Client

Oxycodone Possession Charge Facing 10 Years Jail Time

Outcome

Withdrawl of v.o.p. Complaint at the v.o.p. hearing and no jail time.

CASE STUDY # ONE (1)

N.J.S. 2C:35-10(a)(l) Possession of Oxycodone—no jail time

N.J.S. 2C:35-5(b) Possession with Intent To Distribute Oxycodone—no jail time

N.J.S. 2C:45-3 Violation of Probation—Complaint Withdrawn By Probation

In July 2010 I undertook representation of a 28 year old male who had been charged by Howell Township Police with possession of CDS (oxycodone) in violation of N.J.S. 2C:35-10(a)(l) and possession with intent to distribute (oxycodone) in violation of N.J.S. 2C:35-5(b). The case was sent up to the Superior Court of New Jersey, Hon. Richard W. English, J.S.C.. Defendant’s exposure was up to ten (10) years jail time. I was able to negotiate a pre indictment, non custodial probation (no jail), guilty plea to one third degree simple possession with the assistant prosecutor (Accusation No. 10-09- 01767-A). Because he was already on probation for an underlying offense when this resolution was reached, I represented him on the subsequent violation of probation (v.o.p.) and he was sentenced to an extension of probation (no jail) provided he got accepted into Drug Court Program and successfully complied with all rules and regulations. He was subsequently accepted into the Monmouth County Drug Court.

He simultaneously had three (3) other outstanding Counts for possession of CDS (oxycodone) and possession with intent to distribute (oxycodone) in Middlesex County before Hon. Dennis Nieves, J.S.C., (10-07-01079-1), for which he had already been indicted. I was able to resolve them with the assistant prosecutor with a guilty plea to two (2) third degree possessions with non custodial probation (no jail time), sentence to run concurrent with the Monmouth case(s), provided that he be accepted into Drug Court in Monmouth Countv and he follow all their rules and regulations. That Plea Agreement expressly provided that if he violated his probation the State could lawfully seek two (2) extended five (5) year terms in the State prison without possibility of parole.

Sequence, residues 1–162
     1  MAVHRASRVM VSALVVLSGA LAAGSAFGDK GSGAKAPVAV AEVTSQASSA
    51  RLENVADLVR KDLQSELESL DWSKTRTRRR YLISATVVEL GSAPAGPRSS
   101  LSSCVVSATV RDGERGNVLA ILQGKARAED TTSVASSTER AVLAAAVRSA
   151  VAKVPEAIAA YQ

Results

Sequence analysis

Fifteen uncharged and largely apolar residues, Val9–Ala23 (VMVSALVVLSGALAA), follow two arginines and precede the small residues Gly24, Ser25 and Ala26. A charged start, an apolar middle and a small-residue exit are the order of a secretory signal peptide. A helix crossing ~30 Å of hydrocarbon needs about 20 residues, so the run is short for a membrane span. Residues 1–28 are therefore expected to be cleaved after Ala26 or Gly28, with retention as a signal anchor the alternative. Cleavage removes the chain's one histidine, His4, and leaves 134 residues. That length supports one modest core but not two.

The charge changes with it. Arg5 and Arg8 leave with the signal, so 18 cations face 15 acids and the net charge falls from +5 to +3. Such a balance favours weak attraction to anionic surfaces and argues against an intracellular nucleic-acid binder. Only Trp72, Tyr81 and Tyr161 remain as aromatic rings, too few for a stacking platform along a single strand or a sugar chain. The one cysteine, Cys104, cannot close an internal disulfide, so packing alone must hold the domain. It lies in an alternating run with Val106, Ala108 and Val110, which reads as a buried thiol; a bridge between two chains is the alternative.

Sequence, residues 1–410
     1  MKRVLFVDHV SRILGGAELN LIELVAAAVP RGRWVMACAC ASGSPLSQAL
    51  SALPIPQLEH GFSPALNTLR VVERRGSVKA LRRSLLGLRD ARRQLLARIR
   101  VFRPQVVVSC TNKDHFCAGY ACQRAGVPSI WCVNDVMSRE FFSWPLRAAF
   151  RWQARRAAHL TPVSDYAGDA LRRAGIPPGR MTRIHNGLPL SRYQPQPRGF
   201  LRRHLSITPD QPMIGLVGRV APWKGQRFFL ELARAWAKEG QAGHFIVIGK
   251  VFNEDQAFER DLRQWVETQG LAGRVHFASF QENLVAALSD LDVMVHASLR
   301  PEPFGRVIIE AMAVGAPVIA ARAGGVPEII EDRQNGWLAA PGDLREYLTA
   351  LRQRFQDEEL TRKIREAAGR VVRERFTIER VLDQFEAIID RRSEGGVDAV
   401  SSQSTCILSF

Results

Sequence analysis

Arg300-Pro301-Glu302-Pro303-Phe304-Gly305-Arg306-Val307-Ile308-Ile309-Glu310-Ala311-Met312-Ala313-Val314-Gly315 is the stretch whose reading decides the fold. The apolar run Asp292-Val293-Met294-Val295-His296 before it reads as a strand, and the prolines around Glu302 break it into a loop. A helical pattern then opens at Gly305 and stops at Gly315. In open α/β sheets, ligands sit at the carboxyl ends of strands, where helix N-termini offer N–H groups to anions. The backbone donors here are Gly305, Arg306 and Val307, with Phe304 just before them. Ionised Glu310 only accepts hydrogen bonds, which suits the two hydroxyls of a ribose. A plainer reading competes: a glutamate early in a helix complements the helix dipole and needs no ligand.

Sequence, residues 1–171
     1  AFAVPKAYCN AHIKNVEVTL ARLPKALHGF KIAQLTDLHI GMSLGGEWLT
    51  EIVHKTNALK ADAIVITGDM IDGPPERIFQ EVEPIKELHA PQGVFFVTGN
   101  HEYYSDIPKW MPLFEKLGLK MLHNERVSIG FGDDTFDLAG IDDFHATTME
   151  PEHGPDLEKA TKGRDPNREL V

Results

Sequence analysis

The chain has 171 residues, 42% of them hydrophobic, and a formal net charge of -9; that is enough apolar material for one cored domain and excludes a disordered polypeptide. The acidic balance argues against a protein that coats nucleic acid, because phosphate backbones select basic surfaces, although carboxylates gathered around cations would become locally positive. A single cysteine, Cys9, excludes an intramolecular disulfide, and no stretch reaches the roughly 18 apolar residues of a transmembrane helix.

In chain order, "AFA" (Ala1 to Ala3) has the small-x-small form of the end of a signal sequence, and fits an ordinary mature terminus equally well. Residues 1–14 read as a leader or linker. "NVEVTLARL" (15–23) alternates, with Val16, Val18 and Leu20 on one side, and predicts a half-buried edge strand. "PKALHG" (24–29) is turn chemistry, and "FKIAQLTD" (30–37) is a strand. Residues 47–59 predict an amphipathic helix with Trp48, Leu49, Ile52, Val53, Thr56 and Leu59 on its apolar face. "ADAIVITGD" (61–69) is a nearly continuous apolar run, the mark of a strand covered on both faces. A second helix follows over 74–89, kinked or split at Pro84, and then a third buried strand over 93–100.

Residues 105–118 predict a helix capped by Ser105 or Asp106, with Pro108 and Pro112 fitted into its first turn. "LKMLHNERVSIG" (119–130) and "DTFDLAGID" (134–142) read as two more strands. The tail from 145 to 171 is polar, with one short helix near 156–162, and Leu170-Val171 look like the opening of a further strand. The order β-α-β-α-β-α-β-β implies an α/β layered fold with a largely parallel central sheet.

About three (3) weeks after commencing Drug Court, defendant violated the terms of his probation by giving a fake urine, was found to be in possession of CDS and was using CDS again as evidenced by giving a “dirty” urine. Monmouth County revoked his probation and Hon. Thomas F. Scully, J.S.C. sentenced him to 4 years jail time. Interestingly, Middlesex County probation did not join in that v.o.p..

After defendant had served approximately 45 months jail time, Middlesex County Probation belatedly brought its v.o.p. seeking imposition of the two (2) five (5) year jail terms (to run consecutive) in the State prison.

I was retained to handle the Middlesex County v.o.p. and I was able to successfully

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argue at the September 11, 2014, v.o.p. hearing that the Middlesex v.o.p. should be dismissed and my client be immediately released on the following grounds:

  1. That the State’s prosecution (twice) for the same acts violated the constitutional protections afforded by the Double Jeopardy Clause under State v. Ryan. 86 N .J.

1, pages 3, 4, (1981) and Whalen v. United States, 445 U.S. 684 (1980); and

  1. The doctrine of collateral estoppel operated to preclude State prosecutors in Middlesex County from going back and reopening a matter that should have been brought all at one time with the Monmouth County v.o.p. under State v. Pillot. 115 N.J. 558 (1989) and R.3:25-A-l, before a judge in the Monmouth County Superior Court; and
  2. Since “The State of New Jersey” is one entity, different county courts and county prosecutors are not separate entities, but indivisible parts of “The State” and prosecutors from one county are bound by acts of prosecutors in a matter being heard in multiple county courts. Ex Parte Doan, No. 03-08-00704-CR, Texas Court of Appeals, Third District, Austin. Ergo, failure of the all the actions to have been timely consolidated for hearing at one time unfairly exposed my client to an additional ten (10) years of jail time on to my client’s sentence such that he would have done fourteen (14) years jail time for one act (or set of acts), e.g.. ingesting CDS. To put that in perspective, a defendant who has committed armed robbery could be released after serving ten (10) years or less.

CONCLUSION

Middlesex County Probation withdrew its v.o.p. Complaint at the v.o.p. hearing and mv client did not have to do any of the 10 years jail time.

Hon. Dennis Nieves, J.S.C., Middlesex County, released my client into the custody of his parents that day. (See copy of Middlesex County Probation Department, Senior Probation Officer’s, written request to the Court that the v.o.p. be withdrawn.